However, the lessons to be learned that Cavalier has also clearly laid out are worth adding to a new adjuster's personal marketing strategy.

I never refused to meet anyone in our reception area who came knocking on our door wanting to deliver a resume and introduce themself. Maybe I'm 'old school', but the 'cut' of the person, their deportment, handshake and their ability to speak normal were important to me; and regardless of the positive or negative result of that brief meeting, it stuck with me and I noted their resume accordingly.

The person who had the 'gumption' to show up, look sharp, talk normal, etc; got our call for a detailed interview at the appropriate time.

So as the Cavalier says, get out there, hit the pavement, and sell yourself!
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1014 Posts

Posted - 06/10/2003 :  23:08:17  Show Profile
I agree generally with what Cavalier and Clayton both have said. There is much insight and wisdom to be gleaned from the language of their experiences.

I do however have to chuckle at the rather diabolical point which Cavalier makes under Door Number 2 wherein he first criticizes those subordinate who slaughter the Good King's English (a pet peeve of mine also Cavalier) yet then conversely criticizes those with the larger command of the English language than his own.

*(Post edited so as not to offend those readers who simply cannot recognize the use of "tongue in cheek" literary devices or satirical style.)*

Edited by - JimF on 06/20/2003 07:17:13
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1200 Posts

Posted - 06/11/2003 :  07:05:40  Show Profile
Mr. Flynt, in the day to day life of the real world with Mr. & Mrs. Joe Public, there is little interest in listening to someone trying to impress and brow beat others through their use of "$67" words or phrases. In fact, I suggest it creates barriers to effective two-way communication.

Your presumption that Cavalier and his carrier clients never handle claims for english profs or those who have completed university, is both silly and callous. But, I do agree that with such an exhibit of attitude that you have painted with your post; it would preclude you from any chance of employment with Cavalier.

I suggest that you can not beat the general population into submission or agreement on any point you are trying to make, with the use of your "$67" words or phrases. In the example of your post, I suggest you have generated approximately 938 useless counterproductive dollars.
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258 Posts

Posted - 06/11/2003 :  11:24:05  Show Profile
My husband is a career counselor and finds that many people do not have great skills at writing a resume. From Cavalier's points, I would say, that unless you are seeking a job with a carrier, he is probably right.

As to the other issue being discussed... the use of language. My family lovingly calls me a "walking thesaurus". I am always looking for exactly the right word to use, even if it is obscure. However, I often catch myself when talking with some homeowners having to back pedal after that big word comes to explain what I mean in simpler language. I have a college degree and have always been an avid reader so the big words come easily to me. My greatest success with homeowners comes from using language on their level, and if an "insurance word" is needed then making an appropriate explanation of that word. (Can't imagine why there would be needs for those $67 words in a resume anyway???)

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310 Posts

Posted - 06/11/2003 :  13:59:05  Show Profile
Well said Jennifer. I am certainly not a master of the English language. I learned to water ski that semester. But I believe, as you do, my success as a claim rep came from my ability to communicate with all the different people I met.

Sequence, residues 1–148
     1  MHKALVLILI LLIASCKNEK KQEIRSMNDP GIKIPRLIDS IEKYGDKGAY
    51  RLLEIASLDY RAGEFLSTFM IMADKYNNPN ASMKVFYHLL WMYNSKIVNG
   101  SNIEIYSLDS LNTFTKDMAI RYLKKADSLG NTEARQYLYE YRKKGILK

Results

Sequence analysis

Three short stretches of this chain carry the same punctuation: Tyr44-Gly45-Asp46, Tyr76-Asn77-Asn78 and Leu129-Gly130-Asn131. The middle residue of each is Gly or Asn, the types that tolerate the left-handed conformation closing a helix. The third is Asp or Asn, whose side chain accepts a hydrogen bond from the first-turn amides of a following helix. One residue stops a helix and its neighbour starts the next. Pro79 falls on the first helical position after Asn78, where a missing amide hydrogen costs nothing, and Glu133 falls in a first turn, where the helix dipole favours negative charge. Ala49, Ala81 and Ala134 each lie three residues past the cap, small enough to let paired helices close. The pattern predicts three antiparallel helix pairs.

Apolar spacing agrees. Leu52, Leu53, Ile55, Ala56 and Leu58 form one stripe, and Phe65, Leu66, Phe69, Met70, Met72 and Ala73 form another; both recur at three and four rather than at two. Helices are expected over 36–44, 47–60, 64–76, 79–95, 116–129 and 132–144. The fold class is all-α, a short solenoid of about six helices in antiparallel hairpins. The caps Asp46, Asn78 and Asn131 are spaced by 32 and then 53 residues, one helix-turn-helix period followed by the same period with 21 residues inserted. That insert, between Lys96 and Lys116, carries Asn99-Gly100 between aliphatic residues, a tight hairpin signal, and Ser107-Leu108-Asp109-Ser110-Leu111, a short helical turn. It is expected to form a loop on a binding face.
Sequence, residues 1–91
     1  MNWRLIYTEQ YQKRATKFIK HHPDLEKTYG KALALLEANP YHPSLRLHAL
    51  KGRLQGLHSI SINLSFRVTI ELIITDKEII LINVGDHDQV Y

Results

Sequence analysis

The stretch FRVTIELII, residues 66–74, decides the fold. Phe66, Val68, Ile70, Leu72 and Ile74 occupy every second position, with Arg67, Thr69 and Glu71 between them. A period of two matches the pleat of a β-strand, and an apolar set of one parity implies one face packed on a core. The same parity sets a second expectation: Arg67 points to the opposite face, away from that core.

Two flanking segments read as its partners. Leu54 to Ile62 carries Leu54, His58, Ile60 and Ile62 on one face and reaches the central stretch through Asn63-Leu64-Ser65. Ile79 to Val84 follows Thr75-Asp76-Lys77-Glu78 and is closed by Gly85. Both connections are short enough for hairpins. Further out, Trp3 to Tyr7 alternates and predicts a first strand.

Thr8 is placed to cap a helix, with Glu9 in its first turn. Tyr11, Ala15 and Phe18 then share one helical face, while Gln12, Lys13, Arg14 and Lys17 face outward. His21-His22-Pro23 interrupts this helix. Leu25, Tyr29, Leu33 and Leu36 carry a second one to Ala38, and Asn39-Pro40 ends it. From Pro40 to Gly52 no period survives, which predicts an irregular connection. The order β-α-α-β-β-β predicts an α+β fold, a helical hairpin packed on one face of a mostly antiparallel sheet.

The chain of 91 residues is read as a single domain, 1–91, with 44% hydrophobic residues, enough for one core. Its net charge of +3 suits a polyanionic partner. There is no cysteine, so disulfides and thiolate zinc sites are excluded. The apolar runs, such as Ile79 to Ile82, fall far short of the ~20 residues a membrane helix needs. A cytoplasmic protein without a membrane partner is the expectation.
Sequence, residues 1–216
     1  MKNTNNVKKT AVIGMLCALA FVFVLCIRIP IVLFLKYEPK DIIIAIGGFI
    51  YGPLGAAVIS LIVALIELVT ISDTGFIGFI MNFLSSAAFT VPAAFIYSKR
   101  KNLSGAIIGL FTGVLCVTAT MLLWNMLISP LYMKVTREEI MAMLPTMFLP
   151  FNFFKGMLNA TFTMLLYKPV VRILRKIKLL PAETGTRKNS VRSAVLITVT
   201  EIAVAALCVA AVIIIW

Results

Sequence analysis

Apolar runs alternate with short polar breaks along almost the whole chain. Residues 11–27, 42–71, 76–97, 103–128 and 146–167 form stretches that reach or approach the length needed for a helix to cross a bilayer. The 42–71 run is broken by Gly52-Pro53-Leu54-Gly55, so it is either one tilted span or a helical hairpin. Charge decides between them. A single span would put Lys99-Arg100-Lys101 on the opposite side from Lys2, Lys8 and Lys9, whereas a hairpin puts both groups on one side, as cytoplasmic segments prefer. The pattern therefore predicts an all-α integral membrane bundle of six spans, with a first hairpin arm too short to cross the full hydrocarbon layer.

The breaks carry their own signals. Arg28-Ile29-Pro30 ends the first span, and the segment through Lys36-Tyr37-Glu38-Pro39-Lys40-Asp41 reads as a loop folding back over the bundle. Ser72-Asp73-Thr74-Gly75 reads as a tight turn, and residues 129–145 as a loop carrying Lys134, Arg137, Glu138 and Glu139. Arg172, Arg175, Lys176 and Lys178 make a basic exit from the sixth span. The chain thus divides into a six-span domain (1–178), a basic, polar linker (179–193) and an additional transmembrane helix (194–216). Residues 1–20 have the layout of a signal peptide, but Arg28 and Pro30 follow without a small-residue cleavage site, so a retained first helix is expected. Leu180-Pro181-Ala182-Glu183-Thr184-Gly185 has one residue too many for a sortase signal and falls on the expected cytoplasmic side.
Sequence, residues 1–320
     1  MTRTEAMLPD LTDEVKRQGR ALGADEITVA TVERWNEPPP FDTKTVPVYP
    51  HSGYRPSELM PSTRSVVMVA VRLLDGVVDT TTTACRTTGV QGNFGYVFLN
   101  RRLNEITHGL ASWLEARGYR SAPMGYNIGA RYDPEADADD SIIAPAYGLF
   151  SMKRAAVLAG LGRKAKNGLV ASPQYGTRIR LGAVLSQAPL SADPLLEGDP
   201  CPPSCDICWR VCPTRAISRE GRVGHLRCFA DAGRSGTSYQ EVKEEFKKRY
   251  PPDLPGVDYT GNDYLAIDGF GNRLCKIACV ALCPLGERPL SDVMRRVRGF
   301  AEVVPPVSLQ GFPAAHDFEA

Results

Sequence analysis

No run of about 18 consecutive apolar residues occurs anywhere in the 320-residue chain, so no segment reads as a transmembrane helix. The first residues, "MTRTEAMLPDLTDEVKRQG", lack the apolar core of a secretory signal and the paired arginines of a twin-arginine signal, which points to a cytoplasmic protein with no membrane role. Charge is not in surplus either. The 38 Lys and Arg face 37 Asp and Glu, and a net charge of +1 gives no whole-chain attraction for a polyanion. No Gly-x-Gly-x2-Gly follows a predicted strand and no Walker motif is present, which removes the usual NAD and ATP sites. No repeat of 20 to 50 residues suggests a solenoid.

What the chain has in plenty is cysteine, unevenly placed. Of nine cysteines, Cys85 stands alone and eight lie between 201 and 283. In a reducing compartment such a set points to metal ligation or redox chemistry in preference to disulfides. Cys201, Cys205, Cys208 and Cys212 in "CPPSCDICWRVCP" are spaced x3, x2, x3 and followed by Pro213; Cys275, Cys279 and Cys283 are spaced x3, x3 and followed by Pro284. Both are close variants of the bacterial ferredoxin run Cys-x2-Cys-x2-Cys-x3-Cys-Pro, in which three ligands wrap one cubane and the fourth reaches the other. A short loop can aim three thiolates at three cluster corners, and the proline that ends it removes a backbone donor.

A good book on coming up with a good resume is called "Knock'm Dead Resumes". Any big bookstore will have it.

Good luck

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11 Posts

Posted - 06/12/2003 :  15:28:47  Show Profile


paul brosch
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7 Posts

Posted - 06/16/2003 :  20:40:49  Show Profile

CSA Cavalier,

Now, here comes the "unsolicited" responses to read. Your grandmother IS a very wise lady!

As a new standby Kansas rookie, I do have the 'gumption' to show up, look sharp, talk normal, get out there & hit the pavement (even done that a few times with no success) to become one of the good ole boys. Timing is critical for pavement jobs. Even have the will and work ethics to do a darn good job for the team. I'd fit in pretty good too!

Oooh, how I wished these companies would stop asking for these 'unsolicited' resumes too! I agree that a resume is not productive and most of it is yesterdays news anyway.

Looked at myself through your three door test. Well, I will keep it short but truthful.
Door One: Former Contractor: Yep / Reality: Yep / Experience: Strong will to be successful at anything I do.
Door Two: English class was not my strong subject. When CRS sets in my dictionary is nowhere in site.
Door Three: Not Me! Don't know who, what, or how to penetrate Fort Knox. Now, I have certainly put my name on the map.

After all this being said, I don't mean to shame the devil....just point me in your direction. Probably going to need help now. I don't mind standing there waiting for a chance on one of those positions.

All joking aside, sure glad you broke the silence. I did find you topic interesting and helpful. This site is a good forum for excellent information.

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Brooks Todd

43 Posts

Posted - 09/24/2003 :  07:56:56  Show Profile
Seems like this is a very elitist field. I built cellular sites, who are also elitist (tower hands). All replies and forums seem to be very negative.
Just like in the cellular industry, the veterans hated to see new blood in their field.
Have a good one.
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2 Posts

Posted - 02/14/2004 :  13:22:01  Show Profile
Originally posted by Brooks Todd

Seems like this is a very elitist field. I built cellular sites, who are also elitist (tower hands). All replies and forums seem to be very negative.
Just like in the cellular industry, the veterans hated to see new blood in their field.
Have a good one.